You receive a birthday gift from your partner, spouse, lover, oldest friend, whatever. It is, let’s say, a ceramic chipmunk. Your first thought when you unwrap the gift is: Why? Was there some mad, perhaps drunken, moment from your past together that featured a chipmunk? Is there some classical or mythological or contemporary literary reference that you’re missing? Doesn’t the gift’s very specificity—why not a ceramic rabbit or a Dutch boy or a pineapple—imply some message, some joke, some hidden meaning?

You look up from the gift to find that your friend is smiling warmly, knowingly. “Cute,” you might say, “but what does it mean?”

If the explanation is good, as in, “If that chipmunk hadn’t gotten into your tent at summer camp, we never would have met,” if it evokes a forgotten past or connects cleverly to some aspect of your shared experience, your pleasure in the gift, and your admiration for your thoughtful friend, will increase dramatically. If, however, your friend, partner, lover, spouse shrugs and says, “No meaning. I just bought it for you,” you surely will be disappointed, nonplussed. You may even suspect that it has been regifted.

No object in a story or novel is arbitrary, because every object, every detail, in fact, is selected by the writer, who has chosen to notice it, to make note of it. Every detail pours forth from the writer in a double way: as something inevitable, because the world being described contains it, but also as something meaningful, because the writer has made note of it, selected it from all the physical objects existing in the world that he or she has chosen not to describe. And because it is chosen, selected, made note of, elevated by the author’s attention above all objects that are not mentioned, purpose, meaning, an ultimate, creative intelligence is implied.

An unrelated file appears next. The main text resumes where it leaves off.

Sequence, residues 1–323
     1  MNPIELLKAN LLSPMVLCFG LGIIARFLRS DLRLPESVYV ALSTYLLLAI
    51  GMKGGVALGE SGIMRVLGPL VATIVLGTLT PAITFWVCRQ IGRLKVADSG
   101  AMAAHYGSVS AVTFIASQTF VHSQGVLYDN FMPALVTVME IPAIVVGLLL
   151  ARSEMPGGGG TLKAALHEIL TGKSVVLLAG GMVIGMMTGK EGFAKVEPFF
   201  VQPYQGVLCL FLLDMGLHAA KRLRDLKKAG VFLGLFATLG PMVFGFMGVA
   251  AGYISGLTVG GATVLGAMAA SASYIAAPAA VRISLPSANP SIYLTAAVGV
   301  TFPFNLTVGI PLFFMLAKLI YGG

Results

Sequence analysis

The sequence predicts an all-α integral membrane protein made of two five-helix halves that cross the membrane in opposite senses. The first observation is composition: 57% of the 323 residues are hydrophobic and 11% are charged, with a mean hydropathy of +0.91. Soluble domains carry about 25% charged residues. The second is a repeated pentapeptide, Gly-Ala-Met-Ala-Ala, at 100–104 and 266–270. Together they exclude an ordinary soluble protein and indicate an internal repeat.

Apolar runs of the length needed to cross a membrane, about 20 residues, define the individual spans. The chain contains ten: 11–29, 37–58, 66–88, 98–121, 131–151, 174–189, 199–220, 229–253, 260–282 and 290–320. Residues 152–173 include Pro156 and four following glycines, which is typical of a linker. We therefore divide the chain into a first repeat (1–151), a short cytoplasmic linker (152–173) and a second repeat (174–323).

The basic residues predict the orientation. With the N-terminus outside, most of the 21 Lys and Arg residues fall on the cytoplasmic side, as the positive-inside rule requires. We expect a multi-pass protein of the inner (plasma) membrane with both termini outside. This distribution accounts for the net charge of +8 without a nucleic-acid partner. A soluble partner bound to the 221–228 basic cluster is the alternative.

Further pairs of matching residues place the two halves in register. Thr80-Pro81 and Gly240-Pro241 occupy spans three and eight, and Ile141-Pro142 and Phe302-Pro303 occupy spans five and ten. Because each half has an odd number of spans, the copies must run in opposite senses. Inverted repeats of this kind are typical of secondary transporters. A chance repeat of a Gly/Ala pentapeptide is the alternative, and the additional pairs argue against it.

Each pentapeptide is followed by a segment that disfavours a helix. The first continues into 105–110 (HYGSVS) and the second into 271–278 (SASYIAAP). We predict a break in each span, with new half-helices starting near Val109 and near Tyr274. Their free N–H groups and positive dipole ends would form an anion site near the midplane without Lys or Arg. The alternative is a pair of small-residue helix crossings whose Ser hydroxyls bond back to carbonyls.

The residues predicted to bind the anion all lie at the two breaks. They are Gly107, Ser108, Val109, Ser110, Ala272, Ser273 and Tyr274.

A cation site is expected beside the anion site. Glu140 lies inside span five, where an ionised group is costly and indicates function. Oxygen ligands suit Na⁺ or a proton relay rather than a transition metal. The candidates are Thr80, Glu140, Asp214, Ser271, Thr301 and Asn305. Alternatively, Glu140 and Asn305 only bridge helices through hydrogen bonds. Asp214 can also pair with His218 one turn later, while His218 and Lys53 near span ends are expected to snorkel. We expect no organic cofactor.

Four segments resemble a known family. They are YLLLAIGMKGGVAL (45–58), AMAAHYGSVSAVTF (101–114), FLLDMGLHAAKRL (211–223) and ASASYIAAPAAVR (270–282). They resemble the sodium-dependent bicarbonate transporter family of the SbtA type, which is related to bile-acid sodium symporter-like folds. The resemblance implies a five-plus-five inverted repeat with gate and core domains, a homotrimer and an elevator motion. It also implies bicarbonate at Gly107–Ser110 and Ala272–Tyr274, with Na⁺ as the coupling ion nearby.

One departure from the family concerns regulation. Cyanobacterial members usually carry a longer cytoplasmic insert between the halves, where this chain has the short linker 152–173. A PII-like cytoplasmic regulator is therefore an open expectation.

And so all objects in fiction, even the most mundane, shimmer with mystery and meaning, with the souls of the dead as well as the image of some ultimate reality. Burnished buttons or shell-shaped cookies, mummified remains in a museum’s glass case or a mundane registration card from the Florida DMV, these objects are no longer simply the things themselves, but something transformed by the writer’s attention, saved and stored and treasured by the writer’s art.


This piece is excerpted from What About the Baby?: Some Thoughts on the Art of Fiction, which will be published by Farrar, Straus and Giroux on August 17, 2021. Copyright © 2021 by Alice McDermott. All rights reserved.

Alice McDermott is the author of nine novels. Her latest is Absolution, published by Farrar, Straus and Giroux in 2023.